As the start of the 2012 season nears, GamecockCentral.com's David Cloninger takes a look back at the top plays of 2011, South Carolina's finest year. The No. 1 play from last year will be revealed on Aug. 30, USC's season-opener.
NO. 5: Hail Alshon
The game: No. 21 Nebraska vs. No. 10 South Carolina (in Orlando, Fla.), Jan. 1
The scene: Nebraska 13, South Carolina 9, 0:07, second quarter
The setup: The Gamecocks had jabbed back from the first Nebraska score with a Stephon Gilmore PAT return and a Shaw rushing touchdown, but the Cornhuskers had driven for a touchdown to re-take the lead. Two straight turnovers, though, had given the Gamecocks more chances, and after a missed field goal begat the second takeaway (a Gilmore interception), USC had a first down at its 29-yard-line with 38 seconds remaining in the half.
Shaw ran for 11, and found Jeffery for 9, then called timeout with seven ticks to go. At the Nebraska 49, the Gamecocks were far out of field-goal range, and the Huskers were going to get the ball first in the second half. Options were limited.
Steve Spurrier pulled the play that every coach has on standby out of the book - the Hail Mary. Shaw knew that while the play hardly ever works, it has occasionally worked.
And he also knew that if it was going to work this time, he had the guy to help it along on his side.
The play: Jeffery and Anderson lined up right and were told to get to at least the 5-yard-line, and try to make something happen. Ace Sanders, on the left, was the primary if he was somehow uncovered.
The receivers bolted toward their assigned positions as Shaw rolled right, slipped, re-established his footing, pump-faked and finally threw, a long arching spiral that nearly hit the end-zone paint on the fly.
Sanders, taking Nebraska's Ciante Evans with him in the coverage, saw the pass going right and drifted that way. The ball began its descent as a crowd clustered between the 5-yard-line and the goal line.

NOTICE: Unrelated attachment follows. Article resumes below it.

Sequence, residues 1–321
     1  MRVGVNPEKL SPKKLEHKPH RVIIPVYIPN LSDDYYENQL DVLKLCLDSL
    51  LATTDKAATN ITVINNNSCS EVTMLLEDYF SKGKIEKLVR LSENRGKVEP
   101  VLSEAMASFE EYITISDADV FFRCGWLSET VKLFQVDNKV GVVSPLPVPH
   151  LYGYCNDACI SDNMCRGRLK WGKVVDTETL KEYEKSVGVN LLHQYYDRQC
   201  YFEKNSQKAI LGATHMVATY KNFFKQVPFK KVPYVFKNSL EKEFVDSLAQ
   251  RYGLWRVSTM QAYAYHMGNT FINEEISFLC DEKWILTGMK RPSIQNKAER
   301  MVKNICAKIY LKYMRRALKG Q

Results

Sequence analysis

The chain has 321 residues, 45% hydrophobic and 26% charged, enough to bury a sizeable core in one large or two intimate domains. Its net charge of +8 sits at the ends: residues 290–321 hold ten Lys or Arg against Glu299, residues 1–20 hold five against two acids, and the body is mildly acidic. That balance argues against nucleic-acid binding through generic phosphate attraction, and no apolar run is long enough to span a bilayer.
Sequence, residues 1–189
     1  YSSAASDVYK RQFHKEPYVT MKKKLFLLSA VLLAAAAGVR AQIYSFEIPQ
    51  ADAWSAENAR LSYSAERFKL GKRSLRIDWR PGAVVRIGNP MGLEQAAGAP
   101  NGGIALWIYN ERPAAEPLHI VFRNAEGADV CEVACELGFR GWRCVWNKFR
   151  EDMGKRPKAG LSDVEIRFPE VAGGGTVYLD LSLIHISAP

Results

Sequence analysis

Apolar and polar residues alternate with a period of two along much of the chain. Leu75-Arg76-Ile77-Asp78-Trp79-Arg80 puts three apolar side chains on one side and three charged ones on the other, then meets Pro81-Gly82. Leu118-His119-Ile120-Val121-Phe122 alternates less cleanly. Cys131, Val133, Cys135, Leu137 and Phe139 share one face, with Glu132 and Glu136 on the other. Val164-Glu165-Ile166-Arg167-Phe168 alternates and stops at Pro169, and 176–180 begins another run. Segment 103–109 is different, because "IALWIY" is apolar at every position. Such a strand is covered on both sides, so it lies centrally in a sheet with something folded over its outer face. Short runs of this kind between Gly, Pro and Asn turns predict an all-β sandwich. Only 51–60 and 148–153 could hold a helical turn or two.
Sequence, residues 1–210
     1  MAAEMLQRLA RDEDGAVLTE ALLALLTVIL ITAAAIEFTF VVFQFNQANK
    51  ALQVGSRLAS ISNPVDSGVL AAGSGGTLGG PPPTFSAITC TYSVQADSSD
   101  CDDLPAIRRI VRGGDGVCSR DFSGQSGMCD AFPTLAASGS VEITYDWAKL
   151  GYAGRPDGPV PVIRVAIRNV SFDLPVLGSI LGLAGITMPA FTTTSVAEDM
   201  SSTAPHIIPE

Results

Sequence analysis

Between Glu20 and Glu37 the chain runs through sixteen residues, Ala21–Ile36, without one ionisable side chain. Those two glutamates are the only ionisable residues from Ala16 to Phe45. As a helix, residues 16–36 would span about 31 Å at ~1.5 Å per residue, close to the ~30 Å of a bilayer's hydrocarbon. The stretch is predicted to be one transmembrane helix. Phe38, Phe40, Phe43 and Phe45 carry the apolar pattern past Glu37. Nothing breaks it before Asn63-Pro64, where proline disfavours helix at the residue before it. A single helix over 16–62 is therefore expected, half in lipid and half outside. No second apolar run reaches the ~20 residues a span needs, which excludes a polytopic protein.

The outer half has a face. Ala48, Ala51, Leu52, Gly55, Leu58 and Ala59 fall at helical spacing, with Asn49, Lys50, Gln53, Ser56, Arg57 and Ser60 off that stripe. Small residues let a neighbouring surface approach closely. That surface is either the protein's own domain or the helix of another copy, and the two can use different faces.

Jeffery and Anderson were side by side, with Dennard behind each of them and Jean-Baptiste in front. Stafford was behind Anderson, screened from the ball. All leaped at the same moment.
The 6-foot-4 Jeffery out-jumped everyone, including Anderson, as their hands futilely grabbed for it, and the ball hit his mitts as if it never had a chance of going anywhere else, like it was designed to be that perfectly placed. Jeffery came down with it on the 3 and immediately turned to face the end zone; Dennard, by the time he figured out that yes, Jeffery had caught it, was too late to react.
Jeffery dove across the goal line as the stunned crowd reacted. Nebraska's fans shockingly stared at the play that never works suddenly working, while USC fans embraced the knowledge that one of the best receivers in the country wore a Gamecock uniform.
Wow-shon, one more time.
The aftermath: The Huskers never recovered, going scoreless in the second half as USC rode the advantage to a comfortable 30-13 win. Jeffery didn't get the chance to add more highlights to his extensive reel, as he was thrown out of the game in the third quarter for fighting with Dennard.
The accusation seemed a bit extreme, but the final catch of Jeffery's magnificent career was as well. He was leaving, and made sure to leave with one more jaw-dropping catch in three seasons full of them.